It seems almost comical now, but product placement took two full years of lobbying led by our broadcasters, which even managed to overturn an outright rejection of it in March 2009 by the then Culture Secretary, Andy Burnham.
The minister cited "concerns about blurring the boundaries between advertising and editorial", but his remarks, set against a global economic meltdown, were slammed as "perverse" by ITV. Even the European Commissioner, Viviane Reding, was "astonished" by our Government’s decision to "oppose a source of revenue for its creative media".
'It seems almost comical now, but product placement took two years of lobbying led by our broadcasters'
And what a revenue source it has turned out to be. The UK producers’ alliance, Pact, expected it to inject £72 million into the TV sector, while media agencies set their sights on about 5 per cent of the spot ad market, equivalent to around £160 million. Talking to agencies this week, the best guesstimates place the value of product placement last year at £5-10 million tops. That’s the kind of financial gulf even George Osborne would be embarrassed by.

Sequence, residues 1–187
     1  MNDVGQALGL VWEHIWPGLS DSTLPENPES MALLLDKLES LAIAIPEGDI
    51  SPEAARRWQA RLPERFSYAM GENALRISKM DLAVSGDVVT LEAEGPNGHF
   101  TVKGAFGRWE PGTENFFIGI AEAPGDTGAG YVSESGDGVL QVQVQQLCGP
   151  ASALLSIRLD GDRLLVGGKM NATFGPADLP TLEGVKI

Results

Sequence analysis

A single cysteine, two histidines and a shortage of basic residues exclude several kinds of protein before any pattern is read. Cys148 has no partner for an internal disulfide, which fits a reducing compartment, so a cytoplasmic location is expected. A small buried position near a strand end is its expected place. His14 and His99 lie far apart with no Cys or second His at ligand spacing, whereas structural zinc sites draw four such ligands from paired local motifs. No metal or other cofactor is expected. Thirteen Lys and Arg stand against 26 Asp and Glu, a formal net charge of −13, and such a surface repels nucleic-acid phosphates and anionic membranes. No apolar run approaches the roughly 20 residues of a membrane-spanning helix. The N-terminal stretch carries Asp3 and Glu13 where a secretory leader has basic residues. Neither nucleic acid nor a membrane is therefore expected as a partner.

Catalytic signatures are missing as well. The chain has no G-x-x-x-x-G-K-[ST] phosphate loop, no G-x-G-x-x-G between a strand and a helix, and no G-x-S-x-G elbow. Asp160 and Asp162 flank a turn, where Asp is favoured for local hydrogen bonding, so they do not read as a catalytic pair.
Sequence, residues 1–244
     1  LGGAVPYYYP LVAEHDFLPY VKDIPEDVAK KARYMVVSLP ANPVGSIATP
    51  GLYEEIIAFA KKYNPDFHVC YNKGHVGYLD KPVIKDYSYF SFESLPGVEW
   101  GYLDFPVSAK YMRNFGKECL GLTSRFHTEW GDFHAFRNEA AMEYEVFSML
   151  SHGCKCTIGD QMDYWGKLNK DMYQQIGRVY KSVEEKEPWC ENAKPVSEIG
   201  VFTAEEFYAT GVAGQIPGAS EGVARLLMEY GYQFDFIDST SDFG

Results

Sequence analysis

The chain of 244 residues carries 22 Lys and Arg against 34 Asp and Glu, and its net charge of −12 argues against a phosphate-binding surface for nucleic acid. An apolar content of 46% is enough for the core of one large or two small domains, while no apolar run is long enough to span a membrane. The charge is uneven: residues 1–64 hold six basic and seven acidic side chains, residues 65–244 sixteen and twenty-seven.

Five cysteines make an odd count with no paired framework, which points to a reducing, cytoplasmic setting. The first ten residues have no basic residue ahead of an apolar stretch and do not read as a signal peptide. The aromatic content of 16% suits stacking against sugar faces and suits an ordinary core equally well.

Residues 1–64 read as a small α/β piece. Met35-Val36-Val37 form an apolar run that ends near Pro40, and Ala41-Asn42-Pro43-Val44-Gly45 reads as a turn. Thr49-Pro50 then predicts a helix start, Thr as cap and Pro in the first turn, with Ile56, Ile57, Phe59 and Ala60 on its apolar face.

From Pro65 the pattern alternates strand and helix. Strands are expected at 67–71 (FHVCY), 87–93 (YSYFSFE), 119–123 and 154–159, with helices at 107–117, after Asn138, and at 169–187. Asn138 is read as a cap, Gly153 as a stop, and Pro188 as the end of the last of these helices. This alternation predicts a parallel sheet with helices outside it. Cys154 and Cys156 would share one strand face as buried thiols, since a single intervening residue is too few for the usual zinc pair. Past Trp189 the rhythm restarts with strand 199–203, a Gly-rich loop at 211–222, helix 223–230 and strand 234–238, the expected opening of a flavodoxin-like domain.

The tentative start by Nescafé flashing its Dolce Gusto machine on ITV’s This Morning set the tone for a cautious exploration in the new space. There have been notable successes, with Samsung said to be delighted with the airtime afforded by X Factor judges using its tablets and Channel 4 tracking "significant shifts in brand perception" after its Hollyoaks partnership with Nokia Lumia. But such examples remain few and far between.
Analysts at KPMG maintain that product placement is a sleeping giant, with the economic downturn and last year’s sporting events distorting the way brands invest. But if product placement is to significantly alter the way UK TV programming is produced, financed and consumed over the next few years, then a major turnaround is required.Follow @DurraniMix